In the past few months I have received a ton of questions from stylists working in chain salons or thinking about starting to work in a chain. I've heard the good, the bad and the ugly and thought it was about time I sum it all up and make the decision a little bit easier for all my hairstylist friends out there!
If you haven't already checked it out, this article from Modern Salon about the trends in today's industry is a must read. Chain salons account for more than 25% of the income generated by hairstylists. While the vast majority of revenue continues to come from booth renters and commissioned stylists, chain salons continue to be a good option for licensed cosmetologists. Chain salons can offer some of the perks and benefits that you'd find in corporate America while still allowing hairstylists to be creative and do what they love. I've done my research and talked to lots of amazing salon professionals so here's the down and dirty on chain salons
Probably the best part about working in a chain salon is the benefits package. We are talking health insurance, retirement plans, paid vacations, birthday pay, retail discounts, free tools, the list goes on and on. Benefits vary by chain and location, but many salons don't offer anything close to what a chain can give. You'll receive a bi-weekly paycheck with taxes already deducted and there is no need to pay rent or for any of your backbar products. Stylists at chain salons generally receive an hourly waged based on experience level so you'll have a good idea of the money you'll be making and it will be pretty stable. There are also opportunities to grow within the company if you're interested in management or educator roles.
There is also tons of free education available. Often your employment starts with a few days or a full week of paid education before you start taking clients to help sharpen your skills and build confidence. Education is also offered for free throughout the year and can sometimes be earned as a bonus for top performers.
One of the main reasons that stylists choose to go with a chain salon is the built in clientele. If you start working at a chain salon in a premier location you are bound to get plenty of walk-ins. Hundreds or maybe thousands of potential new clients will be walking by every single day and often stylists at chain salons are seeing 6 or more clients per day in just their first week.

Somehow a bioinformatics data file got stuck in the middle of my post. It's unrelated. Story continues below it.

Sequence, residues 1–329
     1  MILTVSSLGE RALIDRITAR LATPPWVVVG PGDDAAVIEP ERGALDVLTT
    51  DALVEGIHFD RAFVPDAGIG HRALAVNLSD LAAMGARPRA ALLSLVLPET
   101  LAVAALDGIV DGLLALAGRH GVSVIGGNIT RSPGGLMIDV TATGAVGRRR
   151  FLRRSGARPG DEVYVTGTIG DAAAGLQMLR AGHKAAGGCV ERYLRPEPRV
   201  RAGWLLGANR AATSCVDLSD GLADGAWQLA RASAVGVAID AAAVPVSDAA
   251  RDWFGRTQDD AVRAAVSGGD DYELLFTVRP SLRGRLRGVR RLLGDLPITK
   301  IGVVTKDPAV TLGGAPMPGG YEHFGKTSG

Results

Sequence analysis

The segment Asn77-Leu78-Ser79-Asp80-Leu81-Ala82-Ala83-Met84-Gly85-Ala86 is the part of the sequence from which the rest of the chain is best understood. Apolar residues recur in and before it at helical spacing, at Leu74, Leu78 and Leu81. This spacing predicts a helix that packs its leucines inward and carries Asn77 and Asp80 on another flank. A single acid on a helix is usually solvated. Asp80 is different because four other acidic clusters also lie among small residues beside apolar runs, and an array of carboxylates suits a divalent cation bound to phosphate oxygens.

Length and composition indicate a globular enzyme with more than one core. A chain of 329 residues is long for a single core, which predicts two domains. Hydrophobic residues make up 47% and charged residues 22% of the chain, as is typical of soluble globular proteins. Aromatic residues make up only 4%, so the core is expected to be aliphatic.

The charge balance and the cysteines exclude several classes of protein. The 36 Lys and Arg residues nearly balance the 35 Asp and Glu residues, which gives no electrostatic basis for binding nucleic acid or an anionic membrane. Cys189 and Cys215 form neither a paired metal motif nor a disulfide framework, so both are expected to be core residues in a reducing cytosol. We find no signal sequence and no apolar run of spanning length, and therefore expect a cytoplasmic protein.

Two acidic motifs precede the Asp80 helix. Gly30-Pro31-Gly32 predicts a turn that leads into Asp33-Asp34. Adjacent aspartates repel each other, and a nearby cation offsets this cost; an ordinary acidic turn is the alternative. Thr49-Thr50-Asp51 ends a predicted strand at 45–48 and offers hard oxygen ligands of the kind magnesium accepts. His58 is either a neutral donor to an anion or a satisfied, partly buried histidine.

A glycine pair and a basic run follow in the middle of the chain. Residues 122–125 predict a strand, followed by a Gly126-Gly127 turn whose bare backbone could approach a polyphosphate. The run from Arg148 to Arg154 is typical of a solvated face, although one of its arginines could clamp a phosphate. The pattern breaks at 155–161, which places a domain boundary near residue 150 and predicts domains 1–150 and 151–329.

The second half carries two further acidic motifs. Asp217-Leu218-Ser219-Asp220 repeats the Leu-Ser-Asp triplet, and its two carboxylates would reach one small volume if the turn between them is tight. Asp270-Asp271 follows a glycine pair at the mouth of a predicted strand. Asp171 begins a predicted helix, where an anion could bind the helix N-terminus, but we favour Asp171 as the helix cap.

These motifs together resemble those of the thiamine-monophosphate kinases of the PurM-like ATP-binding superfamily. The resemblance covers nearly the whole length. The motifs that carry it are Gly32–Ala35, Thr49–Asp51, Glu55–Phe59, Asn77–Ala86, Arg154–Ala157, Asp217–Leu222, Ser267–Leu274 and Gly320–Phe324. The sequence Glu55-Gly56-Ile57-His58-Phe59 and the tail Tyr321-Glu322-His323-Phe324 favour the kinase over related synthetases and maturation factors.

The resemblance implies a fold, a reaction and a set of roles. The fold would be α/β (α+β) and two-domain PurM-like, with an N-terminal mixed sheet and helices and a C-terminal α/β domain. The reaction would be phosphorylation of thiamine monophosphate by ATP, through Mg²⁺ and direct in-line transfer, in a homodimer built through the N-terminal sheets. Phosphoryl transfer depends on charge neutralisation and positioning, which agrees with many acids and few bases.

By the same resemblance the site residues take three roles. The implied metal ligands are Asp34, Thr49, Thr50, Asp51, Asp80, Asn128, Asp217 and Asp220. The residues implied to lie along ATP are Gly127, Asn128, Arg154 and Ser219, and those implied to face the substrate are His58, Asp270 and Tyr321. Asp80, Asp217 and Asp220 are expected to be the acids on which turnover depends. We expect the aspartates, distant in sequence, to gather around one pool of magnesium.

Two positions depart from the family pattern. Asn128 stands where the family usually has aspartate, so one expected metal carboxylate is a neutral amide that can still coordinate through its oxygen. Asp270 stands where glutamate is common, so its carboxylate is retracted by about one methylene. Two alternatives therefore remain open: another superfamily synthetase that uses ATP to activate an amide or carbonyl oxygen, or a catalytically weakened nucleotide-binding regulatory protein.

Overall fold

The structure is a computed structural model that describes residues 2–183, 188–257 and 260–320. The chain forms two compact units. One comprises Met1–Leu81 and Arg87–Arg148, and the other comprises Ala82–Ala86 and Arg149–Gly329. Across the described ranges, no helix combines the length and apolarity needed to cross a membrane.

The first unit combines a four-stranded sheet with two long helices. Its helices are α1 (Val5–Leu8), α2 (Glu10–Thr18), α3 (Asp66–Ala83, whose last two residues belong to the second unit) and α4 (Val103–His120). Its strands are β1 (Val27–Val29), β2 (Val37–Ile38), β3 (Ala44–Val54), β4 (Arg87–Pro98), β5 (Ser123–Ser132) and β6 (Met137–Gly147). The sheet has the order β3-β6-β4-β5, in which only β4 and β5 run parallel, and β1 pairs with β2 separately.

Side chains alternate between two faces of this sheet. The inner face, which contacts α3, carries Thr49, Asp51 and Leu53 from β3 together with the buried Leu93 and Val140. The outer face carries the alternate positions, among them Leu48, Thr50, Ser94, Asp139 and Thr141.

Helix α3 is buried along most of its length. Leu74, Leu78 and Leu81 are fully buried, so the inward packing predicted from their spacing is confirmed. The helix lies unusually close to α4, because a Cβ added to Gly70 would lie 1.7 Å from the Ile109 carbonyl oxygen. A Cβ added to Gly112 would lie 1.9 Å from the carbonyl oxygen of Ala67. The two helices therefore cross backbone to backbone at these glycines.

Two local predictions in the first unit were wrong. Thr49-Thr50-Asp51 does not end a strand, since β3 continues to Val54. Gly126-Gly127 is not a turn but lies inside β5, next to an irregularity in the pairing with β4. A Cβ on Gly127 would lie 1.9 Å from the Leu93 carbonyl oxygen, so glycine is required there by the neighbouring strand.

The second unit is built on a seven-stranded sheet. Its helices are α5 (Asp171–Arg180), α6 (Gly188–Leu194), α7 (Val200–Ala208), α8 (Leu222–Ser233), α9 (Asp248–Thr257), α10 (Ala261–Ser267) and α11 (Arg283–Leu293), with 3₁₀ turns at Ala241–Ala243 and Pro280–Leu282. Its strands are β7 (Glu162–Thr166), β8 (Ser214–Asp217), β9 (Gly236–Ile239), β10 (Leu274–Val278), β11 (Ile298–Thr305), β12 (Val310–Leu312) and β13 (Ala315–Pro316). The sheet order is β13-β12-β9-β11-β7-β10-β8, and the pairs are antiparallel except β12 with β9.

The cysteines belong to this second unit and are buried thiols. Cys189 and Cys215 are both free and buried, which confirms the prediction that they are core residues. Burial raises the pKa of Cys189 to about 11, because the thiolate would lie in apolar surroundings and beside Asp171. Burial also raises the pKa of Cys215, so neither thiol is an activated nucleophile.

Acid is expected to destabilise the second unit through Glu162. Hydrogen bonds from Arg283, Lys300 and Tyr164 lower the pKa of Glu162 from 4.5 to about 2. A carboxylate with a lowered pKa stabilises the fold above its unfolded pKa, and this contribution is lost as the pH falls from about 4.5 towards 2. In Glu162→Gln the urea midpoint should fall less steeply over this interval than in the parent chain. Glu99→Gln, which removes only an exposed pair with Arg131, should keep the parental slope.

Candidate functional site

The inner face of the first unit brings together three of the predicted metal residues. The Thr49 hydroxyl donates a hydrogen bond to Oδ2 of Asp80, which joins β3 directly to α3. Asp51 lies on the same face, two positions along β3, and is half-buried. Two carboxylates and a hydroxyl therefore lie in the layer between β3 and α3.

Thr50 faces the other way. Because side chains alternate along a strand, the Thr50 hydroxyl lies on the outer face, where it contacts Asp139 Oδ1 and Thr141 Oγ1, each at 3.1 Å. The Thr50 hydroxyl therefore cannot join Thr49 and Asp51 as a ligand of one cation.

While your paychecks will be stable, stable isn't always a good thing in this industry. The beauty of being a hairstylist is that the sky is the limit when it comes to income. I know commissioned stylists who are taking home nearly $200,000 annually and working less than 40 hours a week. I know booth renters who are making six-figures working 3 days a week. You'd never achieve those kind of results at a chain salon. Annual income varies based on location, but you'd most likely start off making $12,000-$18,000 annually and top out around $40,000 behind the chair.
The education at chain salons does work, however it is sub-par in my opinion. Often most of the education is done by video or very brief demonstration and self study which is just not thorough enough. I find that educational videos can be extremely helpful, but a week of education is just not enough to get you going. There are some amazing short courses through Redken, Toni&Guy & Vidal Sassoon that I would highly suggest instead.
I have heard that chain salons can be dream crushing. Often times hungry, newly licensed cosmetologists eagerly start working only to find bitter seasoned stylists stuck behind the chair complaining about not earning enough or missed opportunities. Being in a supportive environment is priceless and this type of negativity can be poison to your career.
The worst part about chain salons is unfortunately the potential to build clientele. While your chair will get filled, I hear over and over that these clients become loyal to the chain and not to the stylist. In fact there are some chain salons that won't even allow you to carry business cards with your name on them. You're only allowed to hand out generic cards with the address and phone number of the location you work at and can handwrite your name on if you'd like. How the heck does that make any sense?!?! It only makes sense to the chain because you've become a marketer for their business rather than a marketer for your own business as a hairstylist.
I think a chain salon can be a great place to cut your teeth. Get in, do tons of clients and learn all that you can. Practice cutting, practice selling retail, learn to formulate. Ultimately though, a commissioned or booth rental salon offers more growth potential and you'll have much more control over your career. Check out my article about retirement as a hairstylist for more information about planning for your future and stay tuned for help with your health insurance planning.